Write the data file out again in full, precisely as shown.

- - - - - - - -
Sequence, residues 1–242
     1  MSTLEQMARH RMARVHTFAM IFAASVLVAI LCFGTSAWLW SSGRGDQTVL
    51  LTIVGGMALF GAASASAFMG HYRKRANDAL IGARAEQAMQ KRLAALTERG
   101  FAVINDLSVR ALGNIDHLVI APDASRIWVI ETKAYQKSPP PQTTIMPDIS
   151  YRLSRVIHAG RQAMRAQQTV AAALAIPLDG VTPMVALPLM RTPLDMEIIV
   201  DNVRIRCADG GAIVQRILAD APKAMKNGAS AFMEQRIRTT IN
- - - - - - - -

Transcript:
Sequence, residues 1–242
     1  MSTLEQMARH RMARVHTFAM IFAASVLVAI LCFGTSAWLW SSGRGDQTVL
    51  LTIVGGMALF GAASASAFMG HYRKRANDAL IGARAEQAMQ KRLAALTERG
   101  FAVINDLSVR ALGNIDHLVI APDASRIWVI ETKAYQKSPP PQTTIMPDIS
   151  YRLSRVIHAG RQAMRAQQTV AAALAIPLDG VTPMVALPLM RTPLDMEIIV
   201  DNVRIRCADG GAIVQRILAD APKAMKNGAS AFMEQRIRTT IN